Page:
Favorite Tracks: Don’t Come Home A-Drinkin’; I Got Caught; Get What‘cha Got and Go

Emily: Spurned-lover country music could be a genre unto itself, especially spurned-woman-lover country. From Dolly Parton's Jolene to Carrie Underwood's Before He Cheats, the women of Nashville and beyond have been pouring the sadness, guilt, regret, anger, and relief caused by men who screwed them over into classic anthems of heartbreak. Many of the songs on Loretta Lynn's Don't Come Home A-Drinkin' (With Lovin' on Your Mind) fall squarely into that category. She plaintively tells stories of a man (or men) who spurned her with little fuss or embellishment. The music may be simple, but she delivers the stories in the lyrics with weighty emotion. I think that this sort of storytelling really embodies the heart and spirit of country music, and Loretta Lynn proves herself to be one of the finest of the spurned-lover storytellers. 
Favorite Tracks: Don't Come Home A-Drinkin'; There Goes My Everything; I Really Don't Want to Know

Saturday, March 4, 2017

#418: Little Richard - Here's Little Richard (1957)

Zack: It’s sort of embarrassing that it took us over 6 years to get to listening to the only Little Richard album on this list. The man is an absolute icon on a level that very, very few other musicians or just people in general have been able to hit. And this right here was the album that started it all, with the song that really started it all as the lead-off track. Tutti Frutti is pretty much one of the first rock and roll songs. It apparently was also originally an ode to gay sex, before going through some very 1950s rewrites to change lines about “good booty” to “aw rooty” which was slang for “all right.” The song is so incredibly catchy and energetic that it hardly matters how sanitized the lyrics had to be. The first time you hear it, you know it’s a perfect song. The rest of the album is pretty stellar as well. It’s a blazing-fast 28 minutes, but it’s jam-packed with good music.
Favorite Tracks: Tutti Frutti; Jenny Jenny; Slippin’ and Slidin’

Emily: Rock & roll from the '50s may evoke corniness, poodle skirts, and Back to the Future today, but Little Richard was a real pioneer. He took influences from blues and R&B but made them high-energy and irresistibly catchy and fun with his unstoppable showmanship. And, who doesn't love a good rhyming title (clearly I do, if you look at my favorite tracks from this album)? Here's Little Richard has all of those things, laying the groundwork not just for his own career, but for the evolution of countless musicians to come.
Favorite Tracks: Tutti Frutti; Ready Teddy; Jenny Jenny

Monday, February 20, 2017

#417: The Jam - All Mod Cons (1978)

Zack: I think this album was more interesting than it was good. It sounds like a remaking of the British music scene of the 1960s, just with some slight updates. It’s sort of like taking The Birds and reproducing it beat-for-beat but with better graphics (which is, shockingly, a thing that is possibly happening). Sure, I get why you might do that, and it’s cool to introduce the sound to a younger audience who might not encounter the original source or would find it dated. But there isn’t anything terribly original there (I’m trying real hard not to mention The Force Awakens right now, and apparently failing.). And I don’t really find the original source all the interesting to begin with, so without a substantial unique contribution I was predestined to find this album to be lacking. As is, All Mod Cons exists mostly as a thought experiment of what would happen if the bands of 1960s London actually came out in the late 70s. And that just wasn’t enough for me.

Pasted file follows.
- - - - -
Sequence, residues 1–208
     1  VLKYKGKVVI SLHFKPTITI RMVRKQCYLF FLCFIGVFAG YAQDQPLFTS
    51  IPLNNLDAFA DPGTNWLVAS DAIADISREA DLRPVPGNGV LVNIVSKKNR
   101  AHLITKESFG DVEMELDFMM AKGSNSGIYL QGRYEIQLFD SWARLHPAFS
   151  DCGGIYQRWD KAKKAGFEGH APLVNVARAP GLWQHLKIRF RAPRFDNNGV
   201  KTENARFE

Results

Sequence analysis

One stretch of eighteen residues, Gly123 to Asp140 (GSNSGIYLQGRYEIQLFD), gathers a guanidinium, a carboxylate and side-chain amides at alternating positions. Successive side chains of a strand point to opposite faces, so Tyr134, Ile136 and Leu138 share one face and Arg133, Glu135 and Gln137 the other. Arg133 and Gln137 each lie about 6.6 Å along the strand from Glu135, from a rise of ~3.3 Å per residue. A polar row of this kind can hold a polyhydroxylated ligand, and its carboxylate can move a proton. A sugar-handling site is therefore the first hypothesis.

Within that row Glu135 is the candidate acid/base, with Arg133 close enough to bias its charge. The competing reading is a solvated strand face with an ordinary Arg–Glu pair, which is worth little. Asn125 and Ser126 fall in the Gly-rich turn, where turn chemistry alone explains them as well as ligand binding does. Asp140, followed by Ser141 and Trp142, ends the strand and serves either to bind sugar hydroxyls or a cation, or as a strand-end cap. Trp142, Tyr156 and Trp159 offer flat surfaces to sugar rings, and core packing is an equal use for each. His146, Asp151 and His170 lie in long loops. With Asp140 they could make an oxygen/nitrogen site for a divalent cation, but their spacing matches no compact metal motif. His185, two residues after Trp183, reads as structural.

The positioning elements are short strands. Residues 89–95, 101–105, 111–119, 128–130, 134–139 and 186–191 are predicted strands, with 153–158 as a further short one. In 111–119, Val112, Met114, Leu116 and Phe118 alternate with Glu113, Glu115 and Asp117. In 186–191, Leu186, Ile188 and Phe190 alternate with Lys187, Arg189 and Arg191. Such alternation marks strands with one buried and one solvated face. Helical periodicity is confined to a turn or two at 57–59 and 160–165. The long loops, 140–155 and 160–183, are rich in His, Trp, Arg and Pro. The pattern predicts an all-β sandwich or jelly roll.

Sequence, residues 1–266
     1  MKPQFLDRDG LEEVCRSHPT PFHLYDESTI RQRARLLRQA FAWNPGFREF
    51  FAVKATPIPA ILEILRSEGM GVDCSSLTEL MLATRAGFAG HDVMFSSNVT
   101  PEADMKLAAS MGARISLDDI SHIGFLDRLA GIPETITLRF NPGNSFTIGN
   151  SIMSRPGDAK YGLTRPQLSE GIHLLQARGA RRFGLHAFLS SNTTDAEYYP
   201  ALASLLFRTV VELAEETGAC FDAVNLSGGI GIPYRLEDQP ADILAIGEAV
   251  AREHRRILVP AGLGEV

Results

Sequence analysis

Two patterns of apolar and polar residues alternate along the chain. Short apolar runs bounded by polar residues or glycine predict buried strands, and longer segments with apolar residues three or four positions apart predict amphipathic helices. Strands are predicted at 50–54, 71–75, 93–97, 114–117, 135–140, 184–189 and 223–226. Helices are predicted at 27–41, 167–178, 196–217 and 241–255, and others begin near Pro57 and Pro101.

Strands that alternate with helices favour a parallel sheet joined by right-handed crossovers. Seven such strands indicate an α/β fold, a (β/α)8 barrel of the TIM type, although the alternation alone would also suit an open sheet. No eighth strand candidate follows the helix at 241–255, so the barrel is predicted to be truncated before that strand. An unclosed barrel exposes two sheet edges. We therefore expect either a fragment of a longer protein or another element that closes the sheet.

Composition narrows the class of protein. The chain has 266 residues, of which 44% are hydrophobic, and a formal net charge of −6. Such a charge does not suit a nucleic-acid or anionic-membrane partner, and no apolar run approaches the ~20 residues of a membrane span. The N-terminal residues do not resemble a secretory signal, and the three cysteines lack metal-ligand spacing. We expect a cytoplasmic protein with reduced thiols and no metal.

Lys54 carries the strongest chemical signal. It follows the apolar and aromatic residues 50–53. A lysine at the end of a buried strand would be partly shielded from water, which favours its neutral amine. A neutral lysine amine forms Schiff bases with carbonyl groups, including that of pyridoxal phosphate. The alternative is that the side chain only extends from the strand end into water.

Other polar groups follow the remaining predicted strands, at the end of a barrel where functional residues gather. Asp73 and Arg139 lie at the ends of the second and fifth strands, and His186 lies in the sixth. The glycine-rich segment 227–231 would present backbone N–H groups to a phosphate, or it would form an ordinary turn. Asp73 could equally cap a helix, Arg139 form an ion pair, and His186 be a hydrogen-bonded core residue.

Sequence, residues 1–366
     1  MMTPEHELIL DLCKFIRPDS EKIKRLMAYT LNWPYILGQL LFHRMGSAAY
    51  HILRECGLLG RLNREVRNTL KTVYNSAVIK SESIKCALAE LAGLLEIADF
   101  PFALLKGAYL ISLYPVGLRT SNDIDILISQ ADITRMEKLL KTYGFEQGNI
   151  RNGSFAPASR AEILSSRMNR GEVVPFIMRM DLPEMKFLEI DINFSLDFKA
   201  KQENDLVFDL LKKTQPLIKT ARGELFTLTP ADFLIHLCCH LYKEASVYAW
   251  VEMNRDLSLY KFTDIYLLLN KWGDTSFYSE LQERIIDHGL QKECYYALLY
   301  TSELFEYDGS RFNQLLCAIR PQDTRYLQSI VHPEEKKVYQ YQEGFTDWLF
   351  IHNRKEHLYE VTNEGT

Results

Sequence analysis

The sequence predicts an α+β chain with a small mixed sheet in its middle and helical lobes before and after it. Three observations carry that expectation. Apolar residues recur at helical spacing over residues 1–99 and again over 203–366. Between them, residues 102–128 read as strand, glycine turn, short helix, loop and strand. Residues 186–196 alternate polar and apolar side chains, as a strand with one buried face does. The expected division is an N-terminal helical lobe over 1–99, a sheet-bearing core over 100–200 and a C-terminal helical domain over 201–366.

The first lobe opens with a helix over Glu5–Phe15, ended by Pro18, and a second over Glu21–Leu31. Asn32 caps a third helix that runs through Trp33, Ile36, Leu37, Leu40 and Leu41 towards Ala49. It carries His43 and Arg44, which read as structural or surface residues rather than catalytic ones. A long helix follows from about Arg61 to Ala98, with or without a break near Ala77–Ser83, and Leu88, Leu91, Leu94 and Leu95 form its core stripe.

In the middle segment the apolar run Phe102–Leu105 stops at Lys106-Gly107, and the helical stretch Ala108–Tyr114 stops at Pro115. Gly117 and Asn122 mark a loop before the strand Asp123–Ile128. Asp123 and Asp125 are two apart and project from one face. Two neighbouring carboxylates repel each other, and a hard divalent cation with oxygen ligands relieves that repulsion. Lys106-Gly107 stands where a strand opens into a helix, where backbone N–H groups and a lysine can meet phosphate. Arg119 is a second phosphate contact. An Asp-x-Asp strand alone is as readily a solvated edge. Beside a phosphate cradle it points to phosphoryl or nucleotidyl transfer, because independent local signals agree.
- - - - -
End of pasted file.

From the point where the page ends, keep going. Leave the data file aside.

Favorite Tracks: English Rose; Mr. Clean; Down in the Tube Station at Midnight

Emily: Everything old can be new again if you wait long enough. Fashion, food, TV, movies, music - if you loved something in pop culture 20+ years ago, you can be that a revival is imminent. Sometimes it takes even less time, before nostalgia can even set in (looking at you, Spiderman movies). The best revivals are those that take the old trend and update it for a new era, changing it just enough to still be familiar while still having a new impact. The worst ones, though, merely repeat the same beats without an understanding of why those beats are there. The late-70s Mod revival attempted by The Jam on All Mod Cons fell into the latter category for me. For one, this revival came less than 15 years after the original mod movement, while its revolution remained relatively fresh in the minds of pop music and culture consumers. And even with this in mind, the band doesn't really do anything to revive or reinvent the sound of that era. The result sounds more like a cover band than a fully realized revival - it's something everyone has already heard, but hasn't had enough time to forget. They would've been better off moving forward, like many of their punk-minded peers, than sounding stuck in their not-so-distant past.
Favorite Tracks: In the Crowd; All Mod Cons; Fly